WWYNPD?: Founder's Syndrome
Did you have one of those wristbands? They were popular. They came in different colors with "WWJD?" embedded on the surface. Perhaps you had a t-shirt with the same letters: "WWJD?" There were all types of paraphernalia: pens, hats, key chains. It seemed as if for a moment in recent history everyone was obsessed with finding an answer to the situational question "What would Jesus do?"
I never caught on to the wave of frenzy over the WWJD? gizmos and gadgets. But the concept - the idea that asking myself what someone else would do in a situation I was facing could help me make a better decision - is one I have bought into for years.
And so I submit this post as the first in a series: WWYNPD - What would young nonprofit professionals do? And for this inaugural post, I wonder how we have been able to address Founder's Syndrome.
Ahh, Founder's Syndrome. I must admit that until very recently, I only gave myself 2 options for dealing with Founder's Syndrome: I thought I could either leave and be appreciated for my awesomeness elsewhere OR I could wait quietly for the inevitable death of an aging population and then assume power. Either way, soon enough it would be my turn at the helm. I just had to bide my time and wait it out. Then it hit me: There has got to be a better way!
So how do we deal with this? Founder's Syndrome can lead to job dissatisfaction, low morale and employee burn out.
I've done a scan for case studies sharing successful methods for addressing and dealing with Founder's Syndrome in a nonprofit context from the perspective of staff who have experienced a transition of leadership. I haven't found too much, and so I am submitting these 3 Tips for Young Nonprofit Professionals who are affected by Founder's Syndrome.
1. Assess yourself. Rapper Ice Cube had a popular song with the lyrics "Check yourself before you wreck yourself." If only rap lyrics today shared such sage wisdom as they did a decade or so ago. Basically the lesson is to take an inventory of the role you are playing in your own destruction. The best way to approach any situation is with self-awareness. Along with that self-check, take into consideration your role and the dynamics of power in your organization. Here is a really tough question for some YNPs to answer: Is it Founder's Syndrome or am I over-eager to be promoted and recognized as a young professional in this organization?
2. Ask around. Chances are, young professionals were not with the organization when the founder was; however, there might be a co-worker, funder, program participant or board member who was. Ask how the organization has changed. Ask how the leadership has changed. Find out how change happens. Ask what could be improved. Find out more about the organization than the story told in annual reports and brochures. Conducting an informal 360-degree assessment of the organization and the founder will help uncover the capacity for change within the organization.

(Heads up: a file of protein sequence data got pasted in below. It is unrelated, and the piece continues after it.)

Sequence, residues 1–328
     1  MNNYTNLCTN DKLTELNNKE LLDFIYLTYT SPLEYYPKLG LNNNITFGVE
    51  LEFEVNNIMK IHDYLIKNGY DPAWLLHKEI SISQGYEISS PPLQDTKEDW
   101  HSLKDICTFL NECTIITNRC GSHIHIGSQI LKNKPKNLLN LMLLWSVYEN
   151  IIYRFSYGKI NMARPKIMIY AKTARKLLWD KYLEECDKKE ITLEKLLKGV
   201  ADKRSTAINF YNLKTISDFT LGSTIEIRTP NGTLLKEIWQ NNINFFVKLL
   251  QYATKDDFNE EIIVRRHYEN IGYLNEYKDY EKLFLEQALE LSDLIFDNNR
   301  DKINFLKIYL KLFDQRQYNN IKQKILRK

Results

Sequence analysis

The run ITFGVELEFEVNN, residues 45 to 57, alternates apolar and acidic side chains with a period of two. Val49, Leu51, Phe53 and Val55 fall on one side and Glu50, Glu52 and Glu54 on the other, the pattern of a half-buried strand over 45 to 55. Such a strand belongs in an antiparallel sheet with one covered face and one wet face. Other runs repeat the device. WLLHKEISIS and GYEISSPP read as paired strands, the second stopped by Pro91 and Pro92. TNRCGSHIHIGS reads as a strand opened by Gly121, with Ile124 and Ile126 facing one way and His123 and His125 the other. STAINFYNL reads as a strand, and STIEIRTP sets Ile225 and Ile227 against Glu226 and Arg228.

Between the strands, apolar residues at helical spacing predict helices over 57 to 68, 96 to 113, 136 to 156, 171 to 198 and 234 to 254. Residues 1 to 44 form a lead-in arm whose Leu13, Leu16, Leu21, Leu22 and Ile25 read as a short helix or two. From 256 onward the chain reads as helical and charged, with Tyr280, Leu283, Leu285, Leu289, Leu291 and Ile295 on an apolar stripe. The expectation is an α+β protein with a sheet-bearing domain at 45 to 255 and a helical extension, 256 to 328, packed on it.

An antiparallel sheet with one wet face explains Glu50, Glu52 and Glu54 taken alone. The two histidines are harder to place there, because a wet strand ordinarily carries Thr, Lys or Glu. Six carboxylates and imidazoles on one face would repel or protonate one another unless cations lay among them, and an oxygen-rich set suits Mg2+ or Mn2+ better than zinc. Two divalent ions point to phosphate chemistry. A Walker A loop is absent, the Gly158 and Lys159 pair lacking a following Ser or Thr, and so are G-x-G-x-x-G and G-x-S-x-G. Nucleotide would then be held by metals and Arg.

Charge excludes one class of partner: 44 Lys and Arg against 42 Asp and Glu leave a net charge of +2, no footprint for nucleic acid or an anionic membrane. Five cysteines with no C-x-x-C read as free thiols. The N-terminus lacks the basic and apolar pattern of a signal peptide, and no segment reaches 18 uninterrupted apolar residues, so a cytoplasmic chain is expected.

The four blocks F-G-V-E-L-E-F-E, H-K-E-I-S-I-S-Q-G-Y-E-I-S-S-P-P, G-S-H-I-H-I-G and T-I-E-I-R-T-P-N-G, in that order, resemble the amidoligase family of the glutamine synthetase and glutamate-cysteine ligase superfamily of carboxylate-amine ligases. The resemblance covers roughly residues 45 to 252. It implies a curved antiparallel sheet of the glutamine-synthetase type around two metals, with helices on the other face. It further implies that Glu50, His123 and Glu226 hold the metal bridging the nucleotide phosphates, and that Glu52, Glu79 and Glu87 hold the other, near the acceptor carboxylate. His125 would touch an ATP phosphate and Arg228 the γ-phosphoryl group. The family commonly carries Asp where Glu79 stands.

3. Be the change/solution. Some mid-level managers and organizational leaders express concern about the pressures of being an executive director. They are valid concerns! On the flip side, some founders see their potential predecessors as unable to do the work the way they did. They built it up. They know (or think they know) how it should be managed, and they do not see anyone else putting in the time and energy that they do. Help them by being a part of a new model of leadership. Engage in co-lead projects and find out interest in work groups. Most of all, ask for the founder's help when necessary. Be the change that you would like to see in your organization. It will empower you, encourage your colleagues and impress the founder.
A lot of the stress around Founder's Syndrome comes from emotions and feelings that we do not express or process appropriately. I would also suggest that YNPs who feel under-appreciated and unrewarded at their jobs look for leadership positions OUTSIDE the workplace. It might make you feel better, which will improve your overall quality of life, and it will improve your workday. It will also help you better understand some of the stress that your founder or CEO is facing on a daily basis. Make this the year you take on a project in your community or take on a leadership role in your local YNPN Chapter or on the YNPN National Board. (Shameless plug for forthcoming National Board applications. They are coming this summer and will be due in the fall!)
Lest I forget the young empowered Executive Directors who have big founders' shoes to fill. Just because the founder is no longer in office (or a longtime ED or CEO, for that matter), does not mean the symptoms of the syndrome vanish. WWYNPD when they have leadership under the shadow of former leaders? Also there are YNPs among us who are founders of organizations themselves.
How do cure Founder's Syndrome once and for all?
I think an answer to that question will be answered in our lifetime, so WWYNPD?